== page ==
At the end of the day, they slept in a large room, using sleeping bags. This was also a part of the shelter experience. Men were separated from the women, which would be a luxury in a real situation, but snoring continued throughout the night.
The second day started off with an optional activity.
Those who decided to join in were taken to the portable toilet and washing areas. They were taught crucial skills such as pulling water to the portable toilets, setting up lights and handling equipment. It’s easy to miss, but these seemingly simple tasks are indispensable in an emergency situation.
Next, the focus was on how to light kerosene burners and use generators. After breakfast, Handa from Montbell came and held a practical outdoor class. Since the Niigata Chuetsu Offshore Earthquake, Montbell has been present at many disaster-affected areas to provide support, applying their knowledge of the outdoors and survival techniques to the disaster relief scene.
The final lesson centered around cooking. The trainer for this lesson was PBV staff member Kazumi Kitamura, who was one of the main coordinators in providing food for those affected by 3.11.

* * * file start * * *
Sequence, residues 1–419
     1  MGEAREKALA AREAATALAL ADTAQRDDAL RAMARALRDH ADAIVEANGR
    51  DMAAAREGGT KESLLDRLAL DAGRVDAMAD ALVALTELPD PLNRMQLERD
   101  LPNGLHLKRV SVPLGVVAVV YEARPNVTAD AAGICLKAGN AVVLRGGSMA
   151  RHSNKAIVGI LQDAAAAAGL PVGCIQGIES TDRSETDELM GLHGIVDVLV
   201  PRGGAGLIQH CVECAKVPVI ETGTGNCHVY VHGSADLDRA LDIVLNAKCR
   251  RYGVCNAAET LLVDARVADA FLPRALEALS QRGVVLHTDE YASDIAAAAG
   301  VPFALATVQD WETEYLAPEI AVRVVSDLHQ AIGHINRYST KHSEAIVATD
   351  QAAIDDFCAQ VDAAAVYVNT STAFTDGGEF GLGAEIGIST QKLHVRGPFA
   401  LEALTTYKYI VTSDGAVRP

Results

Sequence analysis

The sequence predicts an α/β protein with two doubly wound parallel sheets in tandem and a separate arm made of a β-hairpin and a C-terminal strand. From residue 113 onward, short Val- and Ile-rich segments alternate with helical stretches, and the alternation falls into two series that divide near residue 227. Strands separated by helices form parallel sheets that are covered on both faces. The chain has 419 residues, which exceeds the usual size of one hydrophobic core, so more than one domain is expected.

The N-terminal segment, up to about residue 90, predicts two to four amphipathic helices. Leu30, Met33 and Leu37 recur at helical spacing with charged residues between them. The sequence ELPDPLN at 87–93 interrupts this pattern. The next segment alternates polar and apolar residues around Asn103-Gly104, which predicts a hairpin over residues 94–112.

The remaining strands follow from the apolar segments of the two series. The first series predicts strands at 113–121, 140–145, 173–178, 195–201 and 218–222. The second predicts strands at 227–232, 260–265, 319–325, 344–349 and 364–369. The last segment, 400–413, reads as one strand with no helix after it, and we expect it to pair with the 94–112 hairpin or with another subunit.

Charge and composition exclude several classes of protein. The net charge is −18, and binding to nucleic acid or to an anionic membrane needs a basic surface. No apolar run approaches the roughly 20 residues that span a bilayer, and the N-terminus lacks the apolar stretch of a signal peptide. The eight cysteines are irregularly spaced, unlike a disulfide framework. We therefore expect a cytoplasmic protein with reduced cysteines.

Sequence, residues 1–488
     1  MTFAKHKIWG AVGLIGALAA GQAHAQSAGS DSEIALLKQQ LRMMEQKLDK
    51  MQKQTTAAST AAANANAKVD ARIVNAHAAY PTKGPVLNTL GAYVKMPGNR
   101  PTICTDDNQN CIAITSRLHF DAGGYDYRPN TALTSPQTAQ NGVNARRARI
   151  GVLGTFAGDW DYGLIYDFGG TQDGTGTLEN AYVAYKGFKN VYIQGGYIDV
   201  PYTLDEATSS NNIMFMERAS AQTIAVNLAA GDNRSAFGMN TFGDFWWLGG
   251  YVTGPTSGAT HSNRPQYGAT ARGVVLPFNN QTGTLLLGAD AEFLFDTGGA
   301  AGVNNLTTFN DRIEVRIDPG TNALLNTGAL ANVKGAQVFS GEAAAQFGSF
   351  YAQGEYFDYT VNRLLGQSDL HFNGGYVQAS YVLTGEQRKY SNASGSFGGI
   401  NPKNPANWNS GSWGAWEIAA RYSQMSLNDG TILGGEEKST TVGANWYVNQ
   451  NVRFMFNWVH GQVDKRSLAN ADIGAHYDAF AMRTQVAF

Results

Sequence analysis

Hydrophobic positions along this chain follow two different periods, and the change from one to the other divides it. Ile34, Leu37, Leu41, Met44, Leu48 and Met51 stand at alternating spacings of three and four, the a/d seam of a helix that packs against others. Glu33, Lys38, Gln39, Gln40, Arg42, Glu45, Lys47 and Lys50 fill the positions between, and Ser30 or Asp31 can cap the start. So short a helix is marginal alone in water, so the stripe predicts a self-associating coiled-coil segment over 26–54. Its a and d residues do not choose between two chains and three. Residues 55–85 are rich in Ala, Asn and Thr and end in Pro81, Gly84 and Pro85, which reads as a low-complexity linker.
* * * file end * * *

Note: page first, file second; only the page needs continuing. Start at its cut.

Even for a person who cooks at home on a regular basis, cooking for people during a disaster is a totally different experience and requires a different skill set. The group was split up into teams in order to take on the tasks of managing the cooking utensils, preparing food and condiments, the cooking itself, distributing food and cleaning up afterwards.
*A portion of the ingredients used to make this meal was provided by Marubeni-Itochu Steel Inc.
After the program had concluded we gathered feedback during the debriefing. One of the participants remarked that they would like to do something in their local area to protect their family and friends. Another expressed his wish to have an overnight training program in more inconvenient and severe circumstances.
This being the first ‘Disaster Prevention Training Camp’, the staff that took part in preparing and conducting the program were also able to learn. As we are constantly looking to improve our trainings, we will be using the feedback we received to create an even better experience for future participants.
If you were not able to join us this time, we look forward to hosting you in the future!
To conclude, here are some words from Mr. Bandai.
‘You have to live first. To make sure you do not burden others, make sure you live.’
The following is an excerpt from Mr. Bandai’s letter of thanks:
An unbelievable tremor and tsunami! At nature’s will, there was nothing we could do but just stand there feeling hopeless.
When we had lost our path and felt only worries, there were those that came to us stretching out a hand of hope and joy asking if we were alright.
Those were the ones who saw what had happened on TV and felt the need to do something and decided to volunteer their time and energy to help out.
The volunteers came to an unknown place to help people they had never met.